President's report - July, 2021

Posted on : Thursday, 29 July 2021

Dear members,

 

Over the last few years, FPA Australia has worked very hard to deliver for the fire protection industry. 

 

This has seen us increase our activity in advocacy, accreditation, training, membership, engagement, and communications.  Our goal is to continue to improve and expand these services. 

 

We have worked closely with a range of stakeholders to reduce regulatory inconsistencies and red tape, all the while expanding community safety and lifting the professionalism and quality of practitioners. 

 

As a result, your Association is the pre-eminent fire protection organisation in Australia, and a first point of contact for decision-makers. 

 

At present, we are working on several reform projects that are designed to improve our sector's performance and effectiveness. 

 

We continue to roll out accreditation in NSW and are revamping training, so that we can deliver the support and skills practitioners are going to need. 

 

In addition, we are developing guidance materials and running webinars on relevant issues, to keep the membership informed, and to help with a growing need for continuing professional development (CPD) opportunities. 

 

On the advocacy front: 


  • we regularly contribute to both standards committees and the Australian Building Codes Board's Building Codes Committee;
  • we have recommended changes to the National Construction Code, including the introduction and improvement of residential sprinkler specifications;
  • we collaborate with various government agencies to moderate some of their more extreme regulatory tendencies; and
  • we frequently make submissions on a range of issues, to make the FPA Australia's positions known to regulators. 

 

Many of the issues we've been dealing with have direct implications for our industry, and our willingness to cooperate and provide counsel has been widely respected and valued, but  it comes at a cost to the Association.  

 

We currently cover our activities through an array of funding sources, such as membership dues, registration and licensing fees, events, the sale of publications, training charges, and sponsorship. 

 

As occurs with most industry organisations, membership covers around a quarter of our annual revenue, with the remaining 75% having to come from other sources.  However, largely because of concerns about the impact of Coronavirus restrictions on the profitability of the industry, FPA Australia has not raised its membership fees in this area for over three years, despite costs increasing.   

 

This means we have to find other ways to bridge the remaining gap in order to keep delivering services to members.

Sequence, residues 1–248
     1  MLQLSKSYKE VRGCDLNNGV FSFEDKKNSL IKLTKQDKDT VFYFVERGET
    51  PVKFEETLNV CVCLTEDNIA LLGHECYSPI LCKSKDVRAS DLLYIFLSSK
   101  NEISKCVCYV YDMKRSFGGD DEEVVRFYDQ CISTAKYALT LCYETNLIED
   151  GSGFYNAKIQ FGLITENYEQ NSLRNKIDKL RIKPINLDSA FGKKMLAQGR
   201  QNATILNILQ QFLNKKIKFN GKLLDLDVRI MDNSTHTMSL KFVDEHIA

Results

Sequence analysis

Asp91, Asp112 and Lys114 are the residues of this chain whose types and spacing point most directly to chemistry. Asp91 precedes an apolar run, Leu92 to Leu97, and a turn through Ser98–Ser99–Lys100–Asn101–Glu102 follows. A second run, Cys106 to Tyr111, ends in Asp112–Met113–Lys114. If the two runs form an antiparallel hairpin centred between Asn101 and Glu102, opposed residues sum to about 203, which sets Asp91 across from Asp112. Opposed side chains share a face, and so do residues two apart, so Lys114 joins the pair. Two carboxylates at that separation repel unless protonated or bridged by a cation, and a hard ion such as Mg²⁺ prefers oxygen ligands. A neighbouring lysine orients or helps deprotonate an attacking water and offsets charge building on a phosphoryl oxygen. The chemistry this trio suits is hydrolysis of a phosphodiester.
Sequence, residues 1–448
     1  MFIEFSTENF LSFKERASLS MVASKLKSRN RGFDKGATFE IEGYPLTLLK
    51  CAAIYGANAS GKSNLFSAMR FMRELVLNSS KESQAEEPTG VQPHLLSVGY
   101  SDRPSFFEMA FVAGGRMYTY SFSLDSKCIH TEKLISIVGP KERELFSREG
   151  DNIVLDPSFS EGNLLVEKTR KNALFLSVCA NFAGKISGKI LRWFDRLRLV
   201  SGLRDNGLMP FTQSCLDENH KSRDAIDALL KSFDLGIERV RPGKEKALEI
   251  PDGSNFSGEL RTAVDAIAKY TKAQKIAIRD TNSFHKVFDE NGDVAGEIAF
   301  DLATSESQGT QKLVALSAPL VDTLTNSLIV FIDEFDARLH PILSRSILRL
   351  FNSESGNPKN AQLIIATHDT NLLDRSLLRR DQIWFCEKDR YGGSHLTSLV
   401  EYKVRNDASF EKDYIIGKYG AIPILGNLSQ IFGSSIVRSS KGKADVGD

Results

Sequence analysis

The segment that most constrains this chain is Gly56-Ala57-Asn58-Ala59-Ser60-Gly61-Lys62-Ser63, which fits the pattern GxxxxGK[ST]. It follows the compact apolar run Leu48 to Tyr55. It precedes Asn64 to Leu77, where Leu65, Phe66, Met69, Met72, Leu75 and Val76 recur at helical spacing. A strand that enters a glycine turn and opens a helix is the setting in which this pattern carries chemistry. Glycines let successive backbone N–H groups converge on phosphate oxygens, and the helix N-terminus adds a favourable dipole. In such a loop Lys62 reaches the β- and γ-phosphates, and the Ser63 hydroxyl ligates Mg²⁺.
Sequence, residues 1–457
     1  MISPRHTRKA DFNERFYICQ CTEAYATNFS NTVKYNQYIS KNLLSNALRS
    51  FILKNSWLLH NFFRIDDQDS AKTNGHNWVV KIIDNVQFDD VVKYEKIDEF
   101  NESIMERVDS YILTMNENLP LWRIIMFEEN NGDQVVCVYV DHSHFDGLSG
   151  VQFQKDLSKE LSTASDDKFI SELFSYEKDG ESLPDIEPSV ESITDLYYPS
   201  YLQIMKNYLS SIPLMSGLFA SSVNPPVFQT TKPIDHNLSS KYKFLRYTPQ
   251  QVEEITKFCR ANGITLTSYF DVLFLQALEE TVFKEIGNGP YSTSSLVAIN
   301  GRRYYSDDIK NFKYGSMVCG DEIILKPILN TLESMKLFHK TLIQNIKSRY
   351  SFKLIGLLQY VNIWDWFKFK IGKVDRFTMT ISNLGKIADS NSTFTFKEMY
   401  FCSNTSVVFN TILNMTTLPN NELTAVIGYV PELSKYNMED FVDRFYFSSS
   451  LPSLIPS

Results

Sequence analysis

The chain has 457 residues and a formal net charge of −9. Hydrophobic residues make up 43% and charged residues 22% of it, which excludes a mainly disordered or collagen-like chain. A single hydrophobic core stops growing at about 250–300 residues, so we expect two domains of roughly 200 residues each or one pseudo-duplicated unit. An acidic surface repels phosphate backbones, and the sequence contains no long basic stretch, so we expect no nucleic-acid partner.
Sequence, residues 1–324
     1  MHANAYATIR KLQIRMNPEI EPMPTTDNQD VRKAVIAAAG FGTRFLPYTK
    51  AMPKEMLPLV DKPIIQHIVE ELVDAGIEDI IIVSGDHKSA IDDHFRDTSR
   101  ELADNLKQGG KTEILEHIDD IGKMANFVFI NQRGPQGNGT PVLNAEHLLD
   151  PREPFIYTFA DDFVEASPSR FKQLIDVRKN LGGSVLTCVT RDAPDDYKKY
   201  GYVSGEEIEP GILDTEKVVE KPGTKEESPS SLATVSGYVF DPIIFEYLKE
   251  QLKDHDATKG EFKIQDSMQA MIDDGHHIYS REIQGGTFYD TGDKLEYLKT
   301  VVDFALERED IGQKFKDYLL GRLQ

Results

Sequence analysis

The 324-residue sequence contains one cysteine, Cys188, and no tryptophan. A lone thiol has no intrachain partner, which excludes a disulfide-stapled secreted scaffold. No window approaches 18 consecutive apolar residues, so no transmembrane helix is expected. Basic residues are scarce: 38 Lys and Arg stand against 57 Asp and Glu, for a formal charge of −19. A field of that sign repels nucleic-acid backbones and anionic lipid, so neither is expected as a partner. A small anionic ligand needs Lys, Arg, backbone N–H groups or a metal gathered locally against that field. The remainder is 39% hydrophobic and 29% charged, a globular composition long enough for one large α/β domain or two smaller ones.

While we sold our premises in Melbourne some time ago, these funds are meant to be reserves, not to be used to fund ongoing operational costs. 

 

Such resources give us the ability to make strategic decisions on behalf of the membership.  For example, in NSW we invested around $1.5 million dollars to develop the Fire Protection Accreditation Scheme (FPAS) to the point where it could be recognised in legislation, and then to roll it out effectively.  

 

The Board made this decision because it felt that industry, not government, should be at the forefront of improving professionalism, and that this was a worthy investment for the future of fire protection. 

 

The current concerns about the licensing rollout in Queensland suggest that this was the right decision. 

 

Accreditation in NSW has now largely repaid that investment, but other projects on the books to expand the additional accreditation categories and to deliver training courses for practitioners will need to be funded. 

 

So, while we are rebuilding our balance sheet and increasing our reserves, there will continue to be pressures on the FPA Australia budget that need to be managed and carefully balanced. 

 

As we do every year, over the next 12 months the Board and Executive will monitor our operating costs and look to diversify our revenue streams so that we remain viable and ultimately improve the organisation's financial position. 

 

We are currently in a strong position to withstand any external shocks that may confront us, but we cannot be complacent. 

 

As members and supporters of FPA Australia, you expect that the Board and staff will respect the responsibility given to us and work tirelessly in the interests of the organisation.  

 

To the best of our ability, in the environment in which we are currently working, we are doing just that. 

 

Stay safe! 

 

William (Bill) Lea, AFSM
President